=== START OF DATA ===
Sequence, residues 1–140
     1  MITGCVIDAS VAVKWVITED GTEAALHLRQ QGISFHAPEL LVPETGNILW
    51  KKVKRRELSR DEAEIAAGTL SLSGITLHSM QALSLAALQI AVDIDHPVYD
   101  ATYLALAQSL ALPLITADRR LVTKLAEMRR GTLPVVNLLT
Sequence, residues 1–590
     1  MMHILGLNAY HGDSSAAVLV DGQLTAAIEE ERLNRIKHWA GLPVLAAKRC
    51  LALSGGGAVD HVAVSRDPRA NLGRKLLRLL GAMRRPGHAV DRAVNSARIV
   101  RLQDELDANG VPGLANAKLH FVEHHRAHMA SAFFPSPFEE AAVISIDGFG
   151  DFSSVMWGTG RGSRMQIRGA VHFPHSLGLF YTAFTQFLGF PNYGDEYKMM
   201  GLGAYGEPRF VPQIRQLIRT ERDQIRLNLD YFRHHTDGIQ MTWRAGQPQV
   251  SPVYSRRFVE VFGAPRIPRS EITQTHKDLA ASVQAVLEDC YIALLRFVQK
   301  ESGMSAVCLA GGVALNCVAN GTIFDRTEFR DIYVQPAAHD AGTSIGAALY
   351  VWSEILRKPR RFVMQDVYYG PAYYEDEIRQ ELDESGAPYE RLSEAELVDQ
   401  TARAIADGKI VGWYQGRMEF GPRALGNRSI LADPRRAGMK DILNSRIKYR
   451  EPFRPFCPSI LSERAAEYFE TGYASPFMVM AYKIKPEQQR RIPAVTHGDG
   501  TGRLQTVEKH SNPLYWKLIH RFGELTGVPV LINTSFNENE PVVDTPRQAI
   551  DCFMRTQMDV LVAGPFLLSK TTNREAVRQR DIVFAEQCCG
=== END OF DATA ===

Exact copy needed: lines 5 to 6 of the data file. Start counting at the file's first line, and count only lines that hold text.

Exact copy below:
Sequence, residues 1–590
     1  MMHILGLNAY HGDSSAAVLV DGQLTAAIEE ERLNRIKHWA GLPVLAAKRC